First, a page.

Tuesday, January 14, 2014

Matching the Investment to the Neighborhood for Better Cities

I'd like to share a "tool" we use when making spending choices for our home. 

We usually know what kind of house we want to live in. And we know the kind of neighborhood we want, too. But we don't often think about how the investment choices we make for our house can either work for or against the kind of neighborhood we'd like to live in.

And sometimes the impacts can be counter-intuitive. Here's an example of well-meaning investment with a negative community impact that can be observed in my neighborhood, and other neighborhoods in the Kalamazoo core:

Over-investing. The most common problem caused by over-investing is "displacement."

"Gentrification" is a buzz-word with very controversial implications. Some people blame neighborhood investment for destroying communities and making housing scarce for the poor. But I like to separate the idea of investing in a neighborhood from the idea of displacement, because investment CAN build stronger, more diverse and resilient communities without displacement--when it's done the right way.

There are many who actually value diversity and believe in the benefits of a diverse neighborhood. We don't want to live isolated lives, disconnected from the supposed "problems" (but also the richness) of diversity.

But the same people, by over-investing in such a neighborhood can end up "pricing out" the diversity they valued in the first place.

But displacement caused by gentrification isn't the only problem caused by over-investing in a home. It is just as likely to cause neighborhood destabilization and decline.

Down the street from us is the finest example of an urban micro farm I've ever seen and it's attached to one of the most beautifully restored Victorian homes I've seen, too. This couple lovingly and tastefully restored the walls, floors, trim and many period touches, without "remuddling" or adding inappropriate, cheap "updates." At first, this seems like a great "gift to the neighborhood." And it is... for now.

But everyone moves.

In fact, this couple just moved out of state to be with their children. And they discovered the problem here: they can't sell their beautiful home because they have too much money locked up in it and no one will buy it for that price in our neighborhood. Now they're renting it out to a group of college guys and they're worried that all the loving touches and careful restoration will be ruined.

And, if you look around our neighborhood, they're right to be worried. Because you can see the negative impact of this pattern repeated over and over again.

These over-invested homes that can't be sold get passed on to future generations who live far from the neighborhood. Out of sight, out of mind--this is the pattern that has turned many beautiful homes into slums as children inherit homes they can't sell and start milking any value out of them as rental properties. 

Homes that were once the pride of the block slowly become the homes that tear down values on surrounding properties, foster crime, and cause other home owners to move out.

The solution: Match your home investment to your neighborhood. Basically:
The highest home sale price in your neighborhood - what you bought your house for =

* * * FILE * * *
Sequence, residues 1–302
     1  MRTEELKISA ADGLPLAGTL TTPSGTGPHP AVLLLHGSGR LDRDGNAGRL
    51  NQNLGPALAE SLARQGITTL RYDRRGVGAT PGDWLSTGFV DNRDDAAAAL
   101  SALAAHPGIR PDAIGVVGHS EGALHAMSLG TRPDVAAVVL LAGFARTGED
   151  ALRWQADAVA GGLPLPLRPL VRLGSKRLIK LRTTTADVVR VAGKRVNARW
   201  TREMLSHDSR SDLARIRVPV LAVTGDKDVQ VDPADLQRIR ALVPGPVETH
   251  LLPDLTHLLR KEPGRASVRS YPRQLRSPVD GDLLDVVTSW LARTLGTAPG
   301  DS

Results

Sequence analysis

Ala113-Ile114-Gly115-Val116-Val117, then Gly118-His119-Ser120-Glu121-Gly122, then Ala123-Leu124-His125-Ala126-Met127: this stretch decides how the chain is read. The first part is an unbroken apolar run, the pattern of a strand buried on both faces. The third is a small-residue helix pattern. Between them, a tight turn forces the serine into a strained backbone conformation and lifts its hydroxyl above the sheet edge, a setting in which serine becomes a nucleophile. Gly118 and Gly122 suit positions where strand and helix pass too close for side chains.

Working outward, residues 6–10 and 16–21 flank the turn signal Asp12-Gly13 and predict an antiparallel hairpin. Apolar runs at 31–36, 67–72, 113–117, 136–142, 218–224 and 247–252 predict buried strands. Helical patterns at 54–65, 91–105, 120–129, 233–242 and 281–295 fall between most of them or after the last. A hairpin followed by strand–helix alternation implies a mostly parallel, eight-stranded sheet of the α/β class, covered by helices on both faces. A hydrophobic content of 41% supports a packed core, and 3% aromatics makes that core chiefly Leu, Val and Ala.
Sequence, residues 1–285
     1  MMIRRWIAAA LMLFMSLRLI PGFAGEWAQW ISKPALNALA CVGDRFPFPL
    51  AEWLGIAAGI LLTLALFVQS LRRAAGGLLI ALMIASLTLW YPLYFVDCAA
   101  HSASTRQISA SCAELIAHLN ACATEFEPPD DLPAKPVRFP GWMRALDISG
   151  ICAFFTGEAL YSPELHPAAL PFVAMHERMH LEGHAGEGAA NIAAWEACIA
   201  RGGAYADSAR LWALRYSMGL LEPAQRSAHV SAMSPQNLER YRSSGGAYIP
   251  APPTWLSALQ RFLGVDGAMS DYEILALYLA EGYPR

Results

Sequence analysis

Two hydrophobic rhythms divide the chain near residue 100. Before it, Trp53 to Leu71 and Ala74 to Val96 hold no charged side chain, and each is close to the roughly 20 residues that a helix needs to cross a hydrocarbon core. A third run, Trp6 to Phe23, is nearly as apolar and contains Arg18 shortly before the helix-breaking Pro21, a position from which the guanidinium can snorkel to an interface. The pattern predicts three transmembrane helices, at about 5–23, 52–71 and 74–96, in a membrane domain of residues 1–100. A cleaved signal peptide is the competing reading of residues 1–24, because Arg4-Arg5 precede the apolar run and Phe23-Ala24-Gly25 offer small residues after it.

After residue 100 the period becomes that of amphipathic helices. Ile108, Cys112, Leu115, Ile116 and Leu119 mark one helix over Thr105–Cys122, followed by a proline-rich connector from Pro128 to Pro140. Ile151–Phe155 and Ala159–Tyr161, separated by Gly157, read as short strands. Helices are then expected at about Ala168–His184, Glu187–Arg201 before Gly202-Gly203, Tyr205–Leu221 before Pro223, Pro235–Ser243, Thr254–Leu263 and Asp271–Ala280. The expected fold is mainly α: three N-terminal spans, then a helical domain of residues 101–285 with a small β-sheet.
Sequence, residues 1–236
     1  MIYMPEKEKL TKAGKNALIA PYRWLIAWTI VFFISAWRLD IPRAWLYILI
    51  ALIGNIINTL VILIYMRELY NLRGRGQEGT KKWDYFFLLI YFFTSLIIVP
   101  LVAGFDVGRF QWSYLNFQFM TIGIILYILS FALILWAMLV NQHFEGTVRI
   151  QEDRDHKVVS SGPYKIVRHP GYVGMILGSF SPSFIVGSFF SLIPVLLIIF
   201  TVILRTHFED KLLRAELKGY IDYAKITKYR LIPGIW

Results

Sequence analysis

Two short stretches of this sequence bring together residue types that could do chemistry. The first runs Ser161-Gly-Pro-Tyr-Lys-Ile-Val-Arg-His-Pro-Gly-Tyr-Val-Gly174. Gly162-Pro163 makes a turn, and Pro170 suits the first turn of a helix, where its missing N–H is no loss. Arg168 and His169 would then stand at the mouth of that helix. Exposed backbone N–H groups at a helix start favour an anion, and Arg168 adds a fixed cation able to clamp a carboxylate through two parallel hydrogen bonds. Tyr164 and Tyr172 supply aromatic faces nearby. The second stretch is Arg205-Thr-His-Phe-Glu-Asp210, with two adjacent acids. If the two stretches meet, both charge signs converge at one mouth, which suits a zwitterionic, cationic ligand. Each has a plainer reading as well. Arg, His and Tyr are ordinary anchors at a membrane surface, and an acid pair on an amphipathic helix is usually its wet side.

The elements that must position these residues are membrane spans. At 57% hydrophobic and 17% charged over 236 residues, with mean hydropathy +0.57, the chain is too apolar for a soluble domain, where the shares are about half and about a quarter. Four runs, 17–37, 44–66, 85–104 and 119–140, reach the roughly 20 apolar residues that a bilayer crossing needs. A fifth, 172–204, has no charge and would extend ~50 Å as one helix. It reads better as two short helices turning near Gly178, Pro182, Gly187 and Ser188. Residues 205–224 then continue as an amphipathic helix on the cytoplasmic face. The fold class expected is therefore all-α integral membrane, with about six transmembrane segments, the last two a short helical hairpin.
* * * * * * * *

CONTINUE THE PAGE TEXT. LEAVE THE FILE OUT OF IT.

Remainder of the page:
how much you can invest.

You don't want to own the most expensive house on your block because nobody will want to buy it at that price. So look at the highest recent sale in your neighborhood. Hopefully, you bought your house for less than that, because that's the highest price you could feasibly sell your house for some day.

If a house on your street sold for $120K, and you bought yours for $80K, then you know you that the MAX you could put into your house and easily get a return is likely to be $40k.

If you put in more than that, expect to lose it. But more importantly, understand that while you may be making your "dream home," you may be paying to create a "nightmare neighborhood."


  1. Interesting perspective, thanks for sharing. I've lived in gentrifying neighborhoods before as a renter, but never a home owner or investor. There is a certain magical point in time when an area has the maximum benefits of diversity coupled with the maximum benefits of investment, though it too often seems to topple over into broadscale displacement and a "clean slate" population, at least in many Chicago neighborhoods I'm familiar with (esp. those nearest the city center or with best commuting access). I have an excellent sociological case study on gentrification and neighborhood dynamics called "Streetwise: Race, Class and Change in an Urban Community" (Elijah Anderson, University of Chicago Press, 1990). If you're interested in that book I'd be happy to lend it to you, though it sounds like you've already got a pretty good grasp of the issues. As always I love what you're writing here!

    1. Thanks PJ. I'd love to see the book sometime. I'm aware of the issues, but those of us who are interested in urban living could always use reminders.

      The shame is that the magical point can be so fleeting, and that those "good things" must come to an end. I hope that in the slower-paced economy of kzoo it can be maintained for longer. Without the elimination of housing stock or a sudden influx of people, I don't think "clean slate" displacement will be a big problem in kzoo for some time. But I've talked to quite a few people in my neighborhood who honestly worry about it.